For similar reasons, we reject appellants' contention that the Panel exceeded its authority by determining "the inventorship of pending patent applications." One of the main issues driving the arbitration was each side's assertion that the other had misappropriated trade secrets relating to the DIXE technology. Given this posture, both parties clearly contemplated that the Panel would consider the inventorship and rightful ownership of aspects of that technology. The Panel ultimately concluded that
Wells Fargo is the inventor and owner of all the DIXE Trade Secrets which DIXE Trade Secrets are set out within the documents entitled: (1) Digital Information Exchange "DIXE" Business Architecture and Technology Keview, Version 2.0, dated August 19, 2003 and (2) The DIXE System Architecture, Version 2.0 — Working Draft, dated October 16, 2003, Wells Fargo Evidentiary Hearing Exhibits WF DIXE-35 and WF DIXE-118, respectively, all of which were misappropriated from Wells Fargo by Synoran, Inc. and WMR e-Pin LLC.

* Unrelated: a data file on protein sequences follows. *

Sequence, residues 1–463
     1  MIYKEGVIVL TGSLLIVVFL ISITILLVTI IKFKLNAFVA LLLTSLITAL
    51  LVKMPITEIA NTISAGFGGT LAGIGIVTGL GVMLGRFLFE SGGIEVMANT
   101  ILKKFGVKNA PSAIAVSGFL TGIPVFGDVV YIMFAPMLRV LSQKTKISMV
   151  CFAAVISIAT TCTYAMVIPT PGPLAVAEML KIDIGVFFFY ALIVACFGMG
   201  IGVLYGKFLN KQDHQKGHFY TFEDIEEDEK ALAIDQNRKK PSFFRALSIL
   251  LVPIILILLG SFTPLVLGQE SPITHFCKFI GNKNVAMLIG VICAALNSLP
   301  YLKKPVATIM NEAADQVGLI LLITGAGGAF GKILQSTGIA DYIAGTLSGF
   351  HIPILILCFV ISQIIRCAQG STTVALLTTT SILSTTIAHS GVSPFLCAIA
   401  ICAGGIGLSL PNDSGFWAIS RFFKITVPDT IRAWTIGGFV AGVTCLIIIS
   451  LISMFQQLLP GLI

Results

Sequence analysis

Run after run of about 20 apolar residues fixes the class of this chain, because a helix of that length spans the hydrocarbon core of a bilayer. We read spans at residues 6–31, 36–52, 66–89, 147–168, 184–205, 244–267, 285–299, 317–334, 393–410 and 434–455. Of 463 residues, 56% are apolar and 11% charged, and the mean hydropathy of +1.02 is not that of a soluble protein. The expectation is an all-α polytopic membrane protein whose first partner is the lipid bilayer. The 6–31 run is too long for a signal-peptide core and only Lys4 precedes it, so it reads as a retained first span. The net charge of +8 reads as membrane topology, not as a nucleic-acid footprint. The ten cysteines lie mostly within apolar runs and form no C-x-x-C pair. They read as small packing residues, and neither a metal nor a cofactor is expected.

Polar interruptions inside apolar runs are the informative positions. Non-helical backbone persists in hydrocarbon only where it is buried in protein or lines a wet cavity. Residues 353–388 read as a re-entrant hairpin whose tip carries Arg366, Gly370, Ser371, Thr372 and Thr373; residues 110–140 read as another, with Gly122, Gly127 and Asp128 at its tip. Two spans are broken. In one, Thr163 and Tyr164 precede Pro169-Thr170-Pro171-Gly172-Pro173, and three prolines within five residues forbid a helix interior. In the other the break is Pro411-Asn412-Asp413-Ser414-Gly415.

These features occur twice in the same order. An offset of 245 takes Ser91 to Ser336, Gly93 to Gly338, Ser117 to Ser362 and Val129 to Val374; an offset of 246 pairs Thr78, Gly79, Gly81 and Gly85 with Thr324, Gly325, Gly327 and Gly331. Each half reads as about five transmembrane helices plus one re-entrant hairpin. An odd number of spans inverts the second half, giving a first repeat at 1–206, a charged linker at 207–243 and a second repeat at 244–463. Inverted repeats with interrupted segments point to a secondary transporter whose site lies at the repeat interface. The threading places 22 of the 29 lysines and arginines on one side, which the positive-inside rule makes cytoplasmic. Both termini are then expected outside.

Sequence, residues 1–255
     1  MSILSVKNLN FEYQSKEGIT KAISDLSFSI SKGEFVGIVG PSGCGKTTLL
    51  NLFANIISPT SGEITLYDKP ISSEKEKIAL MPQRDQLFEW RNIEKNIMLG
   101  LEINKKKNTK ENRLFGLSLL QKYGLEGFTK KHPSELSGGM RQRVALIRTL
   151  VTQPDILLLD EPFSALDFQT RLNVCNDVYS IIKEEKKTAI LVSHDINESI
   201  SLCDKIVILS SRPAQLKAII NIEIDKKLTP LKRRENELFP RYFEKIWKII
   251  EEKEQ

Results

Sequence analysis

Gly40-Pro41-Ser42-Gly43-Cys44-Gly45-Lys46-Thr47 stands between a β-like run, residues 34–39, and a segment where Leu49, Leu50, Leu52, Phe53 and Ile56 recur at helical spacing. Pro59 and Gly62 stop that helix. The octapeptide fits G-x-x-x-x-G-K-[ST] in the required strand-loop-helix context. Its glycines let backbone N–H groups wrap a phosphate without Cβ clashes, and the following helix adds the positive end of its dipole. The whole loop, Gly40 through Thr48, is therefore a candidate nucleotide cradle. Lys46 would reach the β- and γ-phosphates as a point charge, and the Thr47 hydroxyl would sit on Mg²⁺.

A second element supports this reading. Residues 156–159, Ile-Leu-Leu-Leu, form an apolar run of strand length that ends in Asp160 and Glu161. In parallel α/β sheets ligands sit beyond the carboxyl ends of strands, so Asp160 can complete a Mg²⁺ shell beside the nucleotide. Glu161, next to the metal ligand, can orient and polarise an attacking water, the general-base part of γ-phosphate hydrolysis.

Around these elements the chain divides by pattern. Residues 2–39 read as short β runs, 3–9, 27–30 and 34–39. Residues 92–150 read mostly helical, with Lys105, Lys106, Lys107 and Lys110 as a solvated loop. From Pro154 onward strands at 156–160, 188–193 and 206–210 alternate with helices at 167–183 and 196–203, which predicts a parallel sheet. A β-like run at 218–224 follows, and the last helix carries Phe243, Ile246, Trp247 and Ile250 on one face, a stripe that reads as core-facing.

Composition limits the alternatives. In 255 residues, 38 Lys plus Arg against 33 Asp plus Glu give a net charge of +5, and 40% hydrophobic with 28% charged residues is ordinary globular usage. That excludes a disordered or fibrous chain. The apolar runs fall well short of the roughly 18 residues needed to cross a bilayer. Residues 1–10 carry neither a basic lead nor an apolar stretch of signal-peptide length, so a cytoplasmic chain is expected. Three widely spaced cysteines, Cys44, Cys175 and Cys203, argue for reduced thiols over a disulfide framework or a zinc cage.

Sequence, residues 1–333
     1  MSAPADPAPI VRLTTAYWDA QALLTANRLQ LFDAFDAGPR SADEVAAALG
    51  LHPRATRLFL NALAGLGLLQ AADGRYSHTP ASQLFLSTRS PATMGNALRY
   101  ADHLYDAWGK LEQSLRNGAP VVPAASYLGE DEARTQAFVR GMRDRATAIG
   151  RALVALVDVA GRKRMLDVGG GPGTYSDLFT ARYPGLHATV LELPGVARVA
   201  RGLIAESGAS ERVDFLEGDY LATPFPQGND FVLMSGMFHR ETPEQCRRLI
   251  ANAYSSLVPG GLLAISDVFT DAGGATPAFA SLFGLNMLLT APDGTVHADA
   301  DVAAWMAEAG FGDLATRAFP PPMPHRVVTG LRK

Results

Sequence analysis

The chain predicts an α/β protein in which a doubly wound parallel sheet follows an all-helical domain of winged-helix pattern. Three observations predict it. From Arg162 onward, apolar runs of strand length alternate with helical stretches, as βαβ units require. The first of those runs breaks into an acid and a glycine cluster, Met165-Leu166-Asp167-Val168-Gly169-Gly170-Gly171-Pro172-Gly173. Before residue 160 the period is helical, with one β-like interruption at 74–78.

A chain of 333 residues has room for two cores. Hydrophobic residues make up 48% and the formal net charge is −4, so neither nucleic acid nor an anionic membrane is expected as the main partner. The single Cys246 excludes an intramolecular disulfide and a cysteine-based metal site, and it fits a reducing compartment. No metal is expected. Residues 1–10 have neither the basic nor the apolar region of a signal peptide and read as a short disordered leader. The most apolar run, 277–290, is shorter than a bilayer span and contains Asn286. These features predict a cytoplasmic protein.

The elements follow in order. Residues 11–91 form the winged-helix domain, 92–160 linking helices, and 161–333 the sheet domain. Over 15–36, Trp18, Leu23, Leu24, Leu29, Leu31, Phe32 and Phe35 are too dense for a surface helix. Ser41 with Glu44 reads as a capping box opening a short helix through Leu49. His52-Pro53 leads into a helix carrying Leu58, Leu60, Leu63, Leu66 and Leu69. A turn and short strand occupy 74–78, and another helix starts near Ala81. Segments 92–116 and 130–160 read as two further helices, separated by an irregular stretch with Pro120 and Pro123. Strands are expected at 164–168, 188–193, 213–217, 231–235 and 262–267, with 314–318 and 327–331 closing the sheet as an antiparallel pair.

J.A. 000054 ¶ 7(a). After reviewing the record, we are satisfied that the Panel did not exceed its authority in resolving the issue of misappropriation in this fashion.
Appellants claim that they never agreed to submit the issue of inventorship. But the record is replete with instances in which the appellants staked out their position that they are the rightful owners and inventors of aspects of the DIXE software and asked the Panel to acknowledge them as such. Wells Fargo points to a number of examples in the appellants' final briefing in which it claimed to have invented, created, or developed the technology and corresponding patents before Wells Fargo subsequently stole it.